[Numpy-discussion] NumPy foundations

Chris.Barker Chris.Barker@noaa....
Thu Oct 13 10:53:47 CDT 2011

On 10/13/11 6:03 AM, Linus Jundén wrote:
> I am about to make a NumPy presentation for my colleges in about a
> week. I want to tell them something about the history of the library
> and what kind of code it relies on.

> Is NumPy based on some external code like e.g. BLAS, LAPACK etc or is
> it coded from scratch? Anyone out there that can settle the question?

It was coded from scratch -- though does have hooks to BLAS and LAPACK 
for linear algebra operations. It was originally written by Jim Hugunin, 
who later went on to write Jython, and then Iron Python. It doesn't look 
like he updates his web page often, but you should find some good stuff 


As you seem to know, the current numpy code base evolved from the 
original "Numeric" code, also informed by the "numarray" fork.

Here is some intro text from "Numerical Python: An Open Source Project", 
Sept 7, 2001:

Numerical Python is the outgrowth of a long collaborative design process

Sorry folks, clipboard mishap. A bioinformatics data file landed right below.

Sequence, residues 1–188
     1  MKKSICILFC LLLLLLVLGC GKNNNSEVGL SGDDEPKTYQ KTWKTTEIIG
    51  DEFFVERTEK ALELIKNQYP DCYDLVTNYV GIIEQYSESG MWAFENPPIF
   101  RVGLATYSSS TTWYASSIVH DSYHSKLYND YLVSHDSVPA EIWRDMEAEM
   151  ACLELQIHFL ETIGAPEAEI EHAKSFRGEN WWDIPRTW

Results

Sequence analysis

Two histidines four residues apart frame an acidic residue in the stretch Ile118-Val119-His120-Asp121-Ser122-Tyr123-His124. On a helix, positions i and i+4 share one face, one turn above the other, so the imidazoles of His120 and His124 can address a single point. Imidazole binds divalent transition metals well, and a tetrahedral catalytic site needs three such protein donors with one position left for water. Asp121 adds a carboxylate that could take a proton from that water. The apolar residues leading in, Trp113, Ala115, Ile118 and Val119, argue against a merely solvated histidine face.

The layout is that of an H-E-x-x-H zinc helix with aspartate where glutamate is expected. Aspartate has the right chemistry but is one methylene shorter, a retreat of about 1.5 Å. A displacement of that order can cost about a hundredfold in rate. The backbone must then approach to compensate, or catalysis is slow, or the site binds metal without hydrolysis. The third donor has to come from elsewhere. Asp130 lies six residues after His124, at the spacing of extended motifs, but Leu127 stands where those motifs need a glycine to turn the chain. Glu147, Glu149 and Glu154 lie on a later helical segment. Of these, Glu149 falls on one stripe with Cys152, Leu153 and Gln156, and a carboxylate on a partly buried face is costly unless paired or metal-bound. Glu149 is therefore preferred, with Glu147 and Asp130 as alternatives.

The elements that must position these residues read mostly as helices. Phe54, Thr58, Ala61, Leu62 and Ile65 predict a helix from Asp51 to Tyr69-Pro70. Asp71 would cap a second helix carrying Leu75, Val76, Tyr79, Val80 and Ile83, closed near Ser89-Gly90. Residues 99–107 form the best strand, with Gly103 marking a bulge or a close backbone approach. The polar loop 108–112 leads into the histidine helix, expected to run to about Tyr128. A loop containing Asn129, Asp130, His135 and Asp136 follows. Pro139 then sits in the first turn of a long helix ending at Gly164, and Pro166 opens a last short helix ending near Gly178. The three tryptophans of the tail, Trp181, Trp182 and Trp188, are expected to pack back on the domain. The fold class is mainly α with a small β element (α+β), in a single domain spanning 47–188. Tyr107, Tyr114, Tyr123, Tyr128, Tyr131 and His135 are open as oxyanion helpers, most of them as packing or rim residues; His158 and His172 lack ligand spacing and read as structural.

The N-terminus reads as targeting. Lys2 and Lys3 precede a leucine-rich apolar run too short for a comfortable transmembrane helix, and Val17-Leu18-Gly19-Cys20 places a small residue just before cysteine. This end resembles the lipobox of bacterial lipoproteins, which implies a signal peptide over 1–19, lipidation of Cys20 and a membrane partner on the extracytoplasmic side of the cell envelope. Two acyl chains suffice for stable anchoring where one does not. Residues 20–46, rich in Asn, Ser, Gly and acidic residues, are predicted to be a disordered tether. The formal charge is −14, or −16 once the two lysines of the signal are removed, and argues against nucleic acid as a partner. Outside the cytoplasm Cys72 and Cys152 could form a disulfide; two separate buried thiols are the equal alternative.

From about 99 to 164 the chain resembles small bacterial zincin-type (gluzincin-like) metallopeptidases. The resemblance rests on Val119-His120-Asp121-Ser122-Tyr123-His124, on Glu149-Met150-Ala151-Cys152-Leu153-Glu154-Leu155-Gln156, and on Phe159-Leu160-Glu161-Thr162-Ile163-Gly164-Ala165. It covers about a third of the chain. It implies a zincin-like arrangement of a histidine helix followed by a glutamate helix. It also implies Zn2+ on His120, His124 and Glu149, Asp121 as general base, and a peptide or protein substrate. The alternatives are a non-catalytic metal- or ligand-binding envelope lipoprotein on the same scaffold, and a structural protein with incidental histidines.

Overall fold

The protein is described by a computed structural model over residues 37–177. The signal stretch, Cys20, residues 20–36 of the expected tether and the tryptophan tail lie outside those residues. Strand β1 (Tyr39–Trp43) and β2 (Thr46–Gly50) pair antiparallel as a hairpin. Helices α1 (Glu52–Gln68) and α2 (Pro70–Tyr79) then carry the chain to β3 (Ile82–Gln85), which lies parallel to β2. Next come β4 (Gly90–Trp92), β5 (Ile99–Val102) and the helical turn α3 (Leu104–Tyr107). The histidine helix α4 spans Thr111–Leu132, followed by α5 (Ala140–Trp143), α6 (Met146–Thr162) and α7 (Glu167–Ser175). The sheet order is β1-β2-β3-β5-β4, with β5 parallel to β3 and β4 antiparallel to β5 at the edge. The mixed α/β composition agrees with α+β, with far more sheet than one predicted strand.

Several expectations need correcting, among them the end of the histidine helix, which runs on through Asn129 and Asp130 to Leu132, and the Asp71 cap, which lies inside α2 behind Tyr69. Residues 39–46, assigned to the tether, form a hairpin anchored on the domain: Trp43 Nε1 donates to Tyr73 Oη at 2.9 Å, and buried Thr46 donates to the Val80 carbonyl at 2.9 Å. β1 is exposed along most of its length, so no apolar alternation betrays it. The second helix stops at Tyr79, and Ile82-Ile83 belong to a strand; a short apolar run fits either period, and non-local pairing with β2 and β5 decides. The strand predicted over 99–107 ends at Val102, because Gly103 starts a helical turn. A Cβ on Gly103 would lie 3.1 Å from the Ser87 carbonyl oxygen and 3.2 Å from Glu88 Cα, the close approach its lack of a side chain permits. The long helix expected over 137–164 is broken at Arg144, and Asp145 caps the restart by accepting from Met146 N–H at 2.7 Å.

carried out by the Matrix SIG of the Python Software Activity (PSA). Jim 
Hugunin, while a graduate student at MIT, wrote most of the code and 
initial documentation. When Jim joined CNRI and began working on 
JPython, he didn't have the time to maintain Numerical Python so Paul 
Dubois at LLNL agreed to become the maintainer of Numerical Python. 
David Ascher, working as a consultant to LLNL, wrote most of this 
document, incorporating contributions from Konrad Hinsen and Travis 
Oliphant, both of whom are major contributors to Numerical Python.

I have a paper copy still, but managed to find it on the web, too:


That's the oldest form of the doc I could find quickly.


Christopher Barker, Ph.D.

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